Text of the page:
During the second half, I made my way up to the security control room, escorted by two members of the military police. There, in an extra-large luxury box high above the field, I met Igor Menezes Cordovil—who will oversee all city security during the World Cup (FIFA itself is in charge of security inside all stadiums). The white-walled room was filled with desks and computers and security monitors with feeds from 107 cameras inside the stadium and 50 cameras around the perimeter.
“Intelligence services saw you,” Menezes told me. “They asked me who you were.”
For this trial run, Menezes had deployed a veritable army of 3,500 security personnel that included police from the civil, mounted, military, federal, and special forces; a traffic unit; a bomb squad; gate stewards checking tickets and enforcing rules; and volunteers. The security room was connected in real time to the city’s command center a couple of miles away. Menezes claimed that in the event of an incident, it would take less than eight minutes to evacuate all 42,000 spectators — though it took me 10 minutes just to walk up the long concrete ramps into the stadium, let alone reach the nose-bleed section.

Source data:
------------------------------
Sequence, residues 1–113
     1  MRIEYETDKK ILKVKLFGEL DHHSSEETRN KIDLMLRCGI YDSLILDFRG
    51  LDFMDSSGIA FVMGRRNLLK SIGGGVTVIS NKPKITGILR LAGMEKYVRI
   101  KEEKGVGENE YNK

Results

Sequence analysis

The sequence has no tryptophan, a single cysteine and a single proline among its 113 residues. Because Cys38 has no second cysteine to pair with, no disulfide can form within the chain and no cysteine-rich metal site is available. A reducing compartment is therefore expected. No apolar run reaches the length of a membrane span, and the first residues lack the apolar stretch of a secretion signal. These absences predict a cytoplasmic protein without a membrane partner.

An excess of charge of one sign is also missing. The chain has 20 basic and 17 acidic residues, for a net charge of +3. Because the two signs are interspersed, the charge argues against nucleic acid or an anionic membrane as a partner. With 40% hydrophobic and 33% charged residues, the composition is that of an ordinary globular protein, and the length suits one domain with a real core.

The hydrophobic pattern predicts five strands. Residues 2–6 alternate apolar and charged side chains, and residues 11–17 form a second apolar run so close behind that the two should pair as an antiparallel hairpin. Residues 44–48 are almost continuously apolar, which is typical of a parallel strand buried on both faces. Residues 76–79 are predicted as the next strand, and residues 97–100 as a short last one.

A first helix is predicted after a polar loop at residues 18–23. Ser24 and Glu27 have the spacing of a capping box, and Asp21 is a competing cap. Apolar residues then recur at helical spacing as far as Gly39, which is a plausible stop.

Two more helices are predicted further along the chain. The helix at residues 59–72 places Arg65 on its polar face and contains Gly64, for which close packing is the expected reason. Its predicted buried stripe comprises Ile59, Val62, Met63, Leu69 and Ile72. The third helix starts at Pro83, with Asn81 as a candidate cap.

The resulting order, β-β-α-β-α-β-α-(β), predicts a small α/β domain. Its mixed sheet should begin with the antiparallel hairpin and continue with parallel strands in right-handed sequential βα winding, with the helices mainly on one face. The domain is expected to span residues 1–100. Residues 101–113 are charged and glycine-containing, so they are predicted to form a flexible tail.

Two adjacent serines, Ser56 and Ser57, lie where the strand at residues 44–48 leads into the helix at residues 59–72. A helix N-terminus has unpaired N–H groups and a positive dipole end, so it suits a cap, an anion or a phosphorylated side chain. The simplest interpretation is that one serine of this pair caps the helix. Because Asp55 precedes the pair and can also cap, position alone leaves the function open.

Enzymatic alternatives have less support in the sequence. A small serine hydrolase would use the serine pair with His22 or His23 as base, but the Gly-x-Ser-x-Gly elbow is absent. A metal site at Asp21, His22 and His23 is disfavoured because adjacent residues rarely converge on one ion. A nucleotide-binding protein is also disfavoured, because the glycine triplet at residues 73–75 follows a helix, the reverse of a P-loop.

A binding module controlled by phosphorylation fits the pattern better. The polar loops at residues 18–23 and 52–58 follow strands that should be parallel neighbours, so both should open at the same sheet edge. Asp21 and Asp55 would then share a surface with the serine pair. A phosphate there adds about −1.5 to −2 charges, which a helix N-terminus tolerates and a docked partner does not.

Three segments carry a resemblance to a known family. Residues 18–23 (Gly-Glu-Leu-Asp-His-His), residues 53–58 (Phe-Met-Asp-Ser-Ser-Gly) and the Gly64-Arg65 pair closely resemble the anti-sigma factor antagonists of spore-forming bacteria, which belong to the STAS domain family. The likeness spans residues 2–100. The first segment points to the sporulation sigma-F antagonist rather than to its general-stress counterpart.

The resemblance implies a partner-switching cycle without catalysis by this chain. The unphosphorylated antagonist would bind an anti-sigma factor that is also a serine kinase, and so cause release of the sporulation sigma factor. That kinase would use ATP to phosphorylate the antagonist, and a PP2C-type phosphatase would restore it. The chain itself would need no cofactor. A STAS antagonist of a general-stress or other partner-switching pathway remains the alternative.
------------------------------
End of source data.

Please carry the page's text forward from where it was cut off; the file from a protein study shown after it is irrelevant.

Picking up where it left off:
So far, instead of security problems, Manaus officials have encountered cultural hurdles that would be unfamiliar to other World Cup host cities. Because Manaus doesn’t have a team of its own or a tradition of hosting big matches, Manaus fans didn’t know to arrive early to a match, which meant many were rushing into the stadium at the last minute, causing confusion over seating. Amazonian weather is another challenge. The high humidity and heat—averaging 93 percent humidity and 81 degrees in June—are more than a concern for players and coaches: the tropical weather repeatedly delayed stadium construction and caused Manaus to miss FIFA’s end-of-2013 deadline for finishing the stadium.
It rains so much in Manaus that even as the rest of Brazil is experiencing its worst drought in decades, the stadium here is recycling rainwater for both the field irrigation and sanitation systems. Recently, heavy rains caused a partial ceiling collapse at the newly upgraded international airport, according to local reports.